A daily fall practice update from The Spokesman-Review’s Washington State beat writer, Theo Lawson (@TheoLawson_SR). We set the scene, list the day’s important notes, highlight one big play, pick the standouts and slip-ups, track the quarterback race and dissect one talking point from post-practice interviews.
Setting the scene
Where: Rogers Field in Pullman
Start/finish: 3:30 p.m./6:15 p.m.
Temperature: 90 degrees, sunny
Equipment: Shoulder pads and helmets
- As the Cougars approach the Aug. 31 season opener, practices will start to resemble the mid-week sessions the team holds throughout the fall, rather than the ones we’ve seen during preseason camp. Tuesday’s format was different with a much heavier influx of scout team work during the skeleton passing period and team period near the end of practice. That means the last two practice reports – Tuesday and Wednesday are the last ones media can attend – will also be abbreviated. As usual, we’ll pass along notes, a brief update on the quarterbacks and a talking point, but we’ll omit our “One big play” as well as the “Standouts and slip-ups” section.
- There are a few number changes on the WSU roster to note. Defensive lineman Brennan Jackson switched from No. 94 to No. 80. Long snapper Simon Samarzich swapped No. 35 for No. 34.
- The non-participants were wide receiver Jamire Calvin, quarterback John Bledsoe, wide receiver Billy Pospisil and defensive end Nnamdi Oguayo and offensive lineman Austin Martin. Linebacker Dillon Sherman, offensive tackle Jarrett Kingston and center Fred Mauigoa all returned to practice as limited participants. Linebacker Rocky Katoanga and nickel Skyler Thomas did not finish practice.
- Players were not made available to the media Tuesday because practice ran long and the Cougars had to rush to an all-athlete event. But coach Mike Leach and running backs coach Eric Mele both still spoke to the media.
Mike Leach acknowledged the transition between regular camp practices and “mock week” practices can be challenging – not only for WSU but for just about every team in America. Though, he was still optimistic his team would be be able to avoid the “break in” period that often can be sluggish and lackadaisical. The Cougars didn’t, leaving Leach dissatisfied with the effort of both his scout team and varsity bunch. The coach huddled the offense after the fifth play of the team period and instructed them to work harder after Anthony Gordon threw an interception and Travell Harris dropped a pass in the first five plays. “I think our scout team’s got to play harder and I think our varsity’s got to play harder. It’s part of the processs, I’m disappointed we went through the same thing we go through – teams everywhere do every year. We will do some extracurricular work if we don’t make this adjustment overnight, so I suspect we will and we generally do.”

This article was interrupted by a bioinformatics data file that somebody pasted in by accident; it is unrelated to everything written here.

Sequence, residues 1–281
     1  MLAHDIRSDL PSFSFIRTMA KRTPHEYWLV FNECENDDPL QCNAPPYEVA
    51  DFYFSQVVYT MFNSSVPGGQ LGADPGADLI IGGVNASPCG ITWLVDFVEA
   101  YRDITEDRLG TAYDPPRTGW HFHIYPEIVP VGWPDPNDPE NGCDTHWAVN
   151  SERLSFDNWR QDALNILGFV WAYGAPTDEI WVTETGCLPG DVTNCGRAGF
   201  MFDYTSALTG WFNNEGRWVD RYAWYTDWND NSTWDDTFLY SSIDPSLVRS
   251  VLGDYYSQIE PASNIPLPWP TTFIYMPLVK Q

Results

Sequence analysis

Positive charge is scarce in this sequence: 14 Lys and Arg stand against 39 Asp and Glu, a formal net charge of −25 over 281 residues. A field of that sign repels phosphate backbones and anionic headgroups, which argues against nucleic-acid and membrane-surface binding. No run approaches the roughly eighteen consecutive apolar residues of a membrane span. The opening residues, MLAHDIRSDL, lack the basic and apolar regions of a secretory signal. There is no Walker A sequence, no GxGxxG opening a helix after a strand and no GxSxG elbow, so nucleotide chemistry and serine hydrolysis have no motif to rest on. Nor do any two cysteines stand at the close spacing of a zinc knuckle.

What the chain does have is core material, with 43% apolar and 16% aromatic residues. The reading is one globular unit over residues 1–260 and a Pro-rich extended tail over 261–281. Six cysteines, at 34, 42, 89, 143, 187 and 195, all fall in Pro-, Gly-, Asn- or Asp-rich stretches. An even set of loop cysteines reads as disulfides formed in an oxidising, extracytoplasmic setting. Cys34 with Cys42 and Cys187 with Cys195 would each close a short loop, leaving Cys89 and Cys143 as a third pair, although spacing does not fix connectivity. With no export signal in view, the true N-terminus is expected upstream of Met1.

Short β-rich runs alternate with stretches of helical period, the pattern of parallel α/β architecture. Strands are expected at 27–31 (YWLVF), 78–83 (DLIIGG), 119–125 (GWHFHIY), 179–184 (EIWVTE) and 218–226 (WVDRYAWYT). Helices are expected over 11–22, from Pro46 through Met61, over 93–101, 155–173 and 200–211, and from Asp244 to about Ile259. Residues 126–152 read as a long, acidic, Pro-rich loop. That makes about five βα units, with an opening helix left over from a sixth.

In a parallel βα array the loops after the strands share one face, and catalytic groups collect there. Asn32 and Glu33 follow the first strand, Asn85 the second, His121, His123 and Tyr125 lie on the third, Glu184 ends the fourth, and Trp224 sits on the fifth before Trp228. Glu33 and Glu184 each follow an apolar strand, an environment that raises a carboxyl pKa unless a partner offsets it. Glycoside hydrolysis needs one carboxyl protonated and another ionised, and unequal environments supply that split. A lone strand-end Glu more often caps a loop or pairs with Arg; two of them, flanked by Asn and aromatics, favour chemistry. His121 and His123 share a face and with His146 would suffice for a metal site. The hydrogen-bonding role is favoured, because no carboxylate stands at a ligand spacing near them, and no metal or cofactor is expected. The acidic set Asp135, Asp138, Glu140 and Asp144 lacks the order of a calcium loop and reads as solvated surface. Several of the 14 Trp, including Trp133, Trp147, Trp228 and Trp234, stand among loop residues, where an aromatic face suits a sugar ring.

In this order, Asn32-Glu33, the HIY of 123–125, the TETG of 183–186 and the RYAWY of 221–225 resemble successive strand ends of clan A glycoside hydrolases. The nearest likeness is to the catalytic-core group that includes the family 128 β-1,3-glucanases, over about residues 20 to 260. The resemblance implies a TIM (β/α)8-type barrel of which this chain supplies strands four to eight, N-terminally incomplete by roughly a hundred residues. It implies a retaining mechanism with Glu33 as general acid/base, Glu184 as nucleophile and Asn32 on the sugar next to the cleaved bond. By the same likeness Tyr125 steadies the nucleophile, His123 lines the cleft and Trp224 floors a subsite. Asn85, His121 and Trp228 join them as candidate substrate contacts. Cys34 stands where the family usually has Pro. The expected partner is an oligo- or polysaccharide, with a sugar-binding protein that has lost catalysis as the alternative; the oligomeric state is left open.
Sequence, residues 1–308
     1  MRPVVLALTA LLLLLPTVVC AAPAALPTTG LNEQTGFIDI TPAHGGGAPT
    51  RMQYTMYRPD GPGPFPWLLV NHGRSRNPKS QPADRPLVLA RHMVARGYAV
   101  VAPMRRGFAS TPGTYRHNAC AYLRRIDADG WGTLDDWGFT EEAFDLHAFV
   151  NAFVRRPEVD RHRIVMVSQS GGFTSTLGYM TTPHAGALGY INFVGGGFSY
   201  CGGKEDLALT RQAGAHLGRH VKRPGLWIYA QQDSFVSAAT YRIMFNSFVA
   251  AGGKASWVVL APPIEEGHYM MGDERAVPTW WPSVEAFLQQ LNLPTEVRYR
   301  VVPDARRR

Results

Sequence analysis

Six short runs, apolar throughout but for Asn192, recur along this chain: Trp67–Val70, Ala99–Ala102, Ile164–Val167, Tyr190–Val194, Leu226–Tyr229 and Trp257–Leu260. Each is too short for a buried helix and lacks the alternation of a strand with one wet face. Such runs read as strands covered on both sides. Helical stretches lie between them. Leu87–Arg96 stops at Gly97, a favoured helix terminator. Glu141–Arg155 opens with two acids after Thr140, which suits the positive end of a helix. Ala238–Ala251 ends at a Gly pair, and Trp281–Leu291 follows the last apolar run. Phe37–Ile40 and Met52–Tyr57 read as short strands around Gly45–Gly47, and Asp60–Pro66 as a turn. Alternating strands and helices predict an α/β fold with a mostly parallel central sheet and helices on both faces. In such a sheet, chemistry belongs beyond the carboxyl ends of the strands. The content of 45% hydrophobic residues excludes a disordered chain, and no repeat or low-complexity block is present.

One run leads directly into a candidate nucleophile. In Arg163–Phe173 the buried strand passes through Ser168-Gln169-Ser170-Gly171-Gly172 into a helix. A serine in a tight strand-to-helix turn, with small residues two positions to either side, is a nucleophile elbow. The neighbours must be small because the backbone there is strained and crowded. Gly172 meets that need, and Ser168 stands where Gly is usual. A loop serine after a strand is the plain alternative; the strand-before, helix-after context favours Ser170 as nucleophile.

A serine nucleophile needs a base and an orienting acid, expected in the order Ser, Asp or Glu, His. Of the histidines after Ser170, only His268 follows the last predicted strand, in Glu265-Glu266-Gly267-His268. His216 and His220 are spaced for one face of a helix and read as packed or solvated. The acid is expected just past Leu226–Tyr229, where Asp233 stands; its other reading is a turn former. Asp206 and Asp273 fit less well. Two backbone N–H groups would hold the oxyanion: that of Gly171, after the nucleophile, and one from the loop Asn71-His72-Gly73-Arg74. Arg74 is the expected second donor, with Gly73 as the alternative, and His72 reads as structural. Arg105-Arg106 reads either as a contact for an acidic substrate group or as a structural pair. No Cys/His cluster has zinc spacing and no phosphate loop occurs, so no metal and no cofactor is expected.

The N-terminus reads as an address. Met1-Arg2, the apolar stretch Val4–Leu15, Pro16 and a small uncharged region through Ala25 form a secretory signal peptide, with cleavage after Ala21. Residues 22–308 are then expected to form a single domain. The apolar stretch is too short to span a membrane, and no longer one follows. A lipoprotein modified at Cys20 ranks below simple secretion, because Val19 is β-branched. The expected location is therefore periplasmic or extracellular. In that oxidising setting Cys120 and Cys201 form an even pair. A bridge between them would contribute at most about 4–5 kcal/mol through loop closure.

Blake Mazza and Jack Crane each took two swings at the uprights Tuesday. Mazza made a 32-yarder and 42-yarder while Crane hit a 44-yarder and a 36-yarder.
Keeping up with the QBs
While I still tracked completions, incompletions, touchdowns and interceptions Tuesday, those numbers weren’t as significant as the number of snaps Anthony Gordon and Gage Gubrud each took Tuesday, and the significance of those numbers.
Leach told two reporters Sunday night if the season started today, “We’d play Gordon.” Then a source confirmed Monday to The Spokesman-Review Gordon would be taking two-thirds of the practice snaps this week. That held true, to a T actually, as the redshirt senior got 26 snaps during the team period while Gubrud has just 13.
And Leach plans to use that same model going forward: “Yes, for now, for sure.”
Gordon opened the team series, taking each of the first nine snaps. His second throw was underthrown and low enough to allow linebacker Justus Rogers to tip it to himself. Rogers made the interception – Gordon’s first since the fifth day of training camp – and ran it back for a would-be touchdown.
The No. 1 defense played just five snaps before moving over to the practice field to work against the scout team offense. The scout team defense worked against the No. 1 offense the rest of the way.
Gubrud followed with 10 plays before he was relieved by Gordon, who took the next 11 snaps. Gubrud was subbed in for three more plays and Gordon finished the period off with the last five.
In total, Gordon was 13-of-17 while Gubrud was 8-of-10. Gordon did throw one “touchdown” to Tay Martin while Gubrud didn’t have any, though it was difficult to distinguish which plays might have gone for scores because the series wasn’t treated like a traditional team period.
“He’s from Haiti originally and he started as a kicker in high school, so last year it was kind of run right, run left a little bit for 60 carries and almost 500 yards in a game. So we’ve had to identify who the “Mike” linebacker is. He didn’t know who Mike was and I told him it’s the “Mike” linebacker. So we had to figure that out. That was early on in camp. But he loves football, sponge, do whatever you tell him to do. So, the faster you get it, the better it’ll be. If we can get him on the field, we’d love to get him on the field.”
– Running backs coach Eric Mele, on true fresman Jouvensly Bazil, the Florida speedster who’s still relatively new to the game.
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